The ants were spending a fine winter’s day drying grain collected in the summertime. A Grasshopper, perishing with famine, passed by and earnestly begged for a little food. The Ants inquired of him, “Why did you not treasure up food during the summer?” He replied, “I had not leisure enough. I passed the days in singing.” They then said in derision: “If you were foolish enough to sing all the summer, you must dance supperless to bed in the winter.”

The Ant and the Grasshopper | Aesop’s Fables

The Ant and the Grasshopper Short Film

What Is Aesop’s Longest Fable?

The Miller, His Son, and Their Ass is Aesop’s longest fable with 394 words. This is followed by The Buffoon and the Countryman which is 385 words long.

The Miller, His Son, and Their Ass

A miller and his son were driving their Ass to a neighboring fair to sell him. They had not gone far when they met with a troop of women collected round a well, talking and laughing. “Look there,” cried one of them, “did you ever see such fellows, to be trudging along the road on foot when they might ride?” The old man hearing this, quickly made his son mount the Ass, and continued to walk along merrily by his side. Presently they came up to a group of old men in earnest debate. “There,” said one of them, “it proves what I was a-saying. What respect is shown to old age in these days? Do you see that idle lad riding while his old father has to walk? Get down, you young scapegrace, and let the old man rest his weary limbs.” Upon this the old man made his son dismount, and got up himself. In this manner they had not proceeded far when they met a company of women and children: “Why, you lazy old fellow,” cried several tongues at once, “how can you ride upon the beast, while that poor little lad there can hardly keep pace by the side of you?” The good-natured Miller immediately took up his son behind him. They had now almost reached the town. “Pray, honest friend,” said a citizen, “is that Ass your own?” “Yes,” replied the old man. “O, one would not have thought so,” said the other, “by the way you load him. Why, you two fellows are better able to carry the poor beast than he you.” “Anything to please you,” said the old man; “we can but try.” So, alighting with his son, they tied the legs of the Ass together and with the help of a pole endeavored to carry him on their shoulders over a bridge near the entrance to the town. This entertaining sight brought the people in crowds to laugh at it, till the Ass, not liking the noise nor the strange handling that he was subject to, broke the cords that bound him and, tumbling off the pole, fell into the river. Upon this, the old man, vexed and ashamed, made the best of his way home again, convinced that by endeavoring to please everybody he had pleased nobody, and lost his Ass in the bargain.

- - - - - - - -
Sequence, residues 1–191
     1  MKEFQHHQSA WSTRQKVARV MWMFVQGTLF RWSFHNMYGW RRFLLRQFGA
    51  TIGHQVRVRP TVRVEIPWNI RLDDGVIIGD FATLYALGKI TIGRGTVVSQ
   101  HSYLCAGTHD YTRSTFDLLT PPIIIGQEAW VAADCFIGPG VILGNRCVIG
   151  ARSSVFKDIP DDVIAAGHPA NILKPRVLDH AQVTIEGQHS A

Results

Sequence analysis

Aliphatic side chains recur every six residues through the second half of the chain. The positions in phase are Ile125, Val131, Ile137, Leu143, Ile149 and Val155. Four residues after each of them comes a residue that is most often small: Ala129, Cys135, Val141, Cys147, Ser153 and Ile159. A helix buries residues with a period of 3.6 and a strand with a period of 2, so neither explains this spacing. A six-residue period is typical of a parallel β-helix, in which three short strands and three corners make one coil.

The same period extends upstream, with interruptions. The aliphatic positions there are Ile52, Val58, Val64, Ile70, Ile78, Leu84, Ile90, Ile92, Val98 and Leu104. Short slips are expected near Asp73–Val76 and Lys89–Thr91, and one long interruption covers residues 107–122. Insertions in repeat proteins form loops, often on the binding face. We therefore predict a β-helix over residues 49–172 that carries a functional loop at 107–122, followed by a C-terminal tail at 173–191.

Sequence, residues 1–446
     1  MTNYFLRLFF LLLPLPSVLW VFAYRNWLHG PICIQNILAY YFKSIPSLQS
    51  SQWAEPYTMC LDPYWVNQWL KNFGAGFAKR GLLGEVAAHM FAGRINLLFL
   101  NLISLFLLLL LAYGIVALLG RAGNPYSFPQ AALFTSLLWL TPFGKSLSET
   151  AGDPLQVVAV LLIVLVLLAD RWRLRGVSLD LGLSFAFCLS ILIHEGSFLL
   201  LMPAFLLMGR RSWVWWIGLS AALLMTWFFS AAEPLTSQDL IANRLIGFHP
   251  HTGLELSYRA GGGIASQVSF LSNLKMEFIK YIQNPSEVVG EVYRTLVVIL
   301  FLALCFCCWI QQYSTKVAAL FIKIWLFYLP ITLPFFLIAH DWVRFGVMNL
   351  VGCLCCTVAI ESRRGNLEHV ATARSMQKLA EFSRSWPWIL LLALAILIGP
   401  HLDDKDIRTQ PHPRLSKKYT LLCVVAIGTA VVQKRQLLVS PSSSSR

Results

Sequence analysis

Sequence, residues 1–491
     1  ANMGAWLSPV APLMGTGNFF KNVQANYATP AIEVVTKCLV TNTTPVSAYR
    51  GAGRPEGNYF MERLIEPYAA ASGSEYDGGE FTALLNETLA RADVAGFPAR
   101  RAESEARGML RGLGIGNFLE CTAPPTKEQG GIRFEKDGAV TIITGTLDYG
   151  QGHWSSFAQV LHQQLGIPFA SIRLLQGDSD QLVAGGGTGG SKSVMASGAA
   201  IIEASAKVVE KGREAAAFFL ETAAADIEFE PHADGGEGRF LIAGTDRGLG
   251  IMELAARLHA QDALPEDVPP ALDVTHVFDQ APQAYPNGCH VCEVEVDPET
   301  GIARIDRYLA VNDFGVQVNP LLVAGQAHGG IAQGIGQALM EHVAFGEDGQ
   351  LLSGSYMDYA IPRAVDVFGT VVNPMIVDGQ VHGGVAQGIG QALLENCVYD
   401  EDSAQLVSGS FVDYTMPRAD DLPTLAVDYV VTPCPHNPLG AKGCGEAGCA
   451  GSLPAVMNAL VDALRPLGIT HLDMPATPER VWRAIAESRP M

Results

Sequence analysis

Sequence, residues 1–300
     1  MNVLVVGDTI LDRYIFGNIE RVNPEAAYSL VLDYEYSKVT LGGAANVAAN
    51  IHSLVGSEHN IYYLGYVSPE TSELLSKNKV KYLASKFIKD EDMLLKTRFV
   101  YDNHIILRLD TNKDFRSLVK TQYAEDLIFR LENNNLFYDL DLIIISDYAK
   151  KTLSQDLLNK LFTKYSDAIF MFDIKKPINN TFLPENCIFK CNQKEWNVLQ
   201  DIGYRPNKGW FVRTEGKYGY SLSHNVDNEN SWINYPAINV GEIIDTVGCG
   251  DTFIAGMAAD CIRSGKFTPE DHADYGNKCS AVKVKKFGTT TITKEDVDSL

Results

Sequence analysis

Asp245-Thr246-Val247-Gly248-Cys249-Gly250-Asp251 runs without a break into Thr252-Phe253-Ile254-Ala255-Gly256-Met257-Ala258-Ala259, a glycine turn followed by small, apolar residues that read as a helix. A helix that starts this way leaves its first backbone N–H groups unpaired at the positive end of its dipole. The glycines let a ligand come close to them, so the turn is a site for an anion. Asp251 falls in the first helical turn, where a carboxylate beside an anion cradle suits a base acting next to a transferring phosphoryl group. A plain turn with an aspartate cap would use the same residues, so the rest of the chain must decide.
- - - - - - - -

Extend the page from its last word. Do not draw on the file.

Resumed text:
Aesop’s Fables | The Miller, His Son, and Their Ass

How Many Aesop’s Fables Are There?

The Britannica Encyclopedia says that Aesop is attributed with up to 200 fables.

The Western tradition of fable effectively begins with Aesop, a likely legendary figure to whom is attributed a collection of ancient Greek fables. Modern editions contain up to 200 fables, but there is no way of tracing their actual origins; the earliest known collection linked to Aesop dates to the 4th century BCE.

Britannica | Aesop

However other sources attribute him with way more! Over 600 in fact. World History Encyclopedia says that he has 725 fables.

Written by a former Greek slave, in the late to mid-6th century BCE, Aesop’s Fables are the world’s best known collection of morality tales. The fables, numbering 725, were originally told from person-to-person as much for entertainment purposes but largely as a means for relaying or teaching a moral or lesson.

World History Encyclopedia | Aesop’s Fables

Our Aesop’s Fables PDF contains 310 of Aesop’s Fables.


Aesop’s Fables are incredibly well-known short stories that teach important lessons about life and they are perfect for children and adults alike. Download a free copy of Aesop’s Fables PDF here.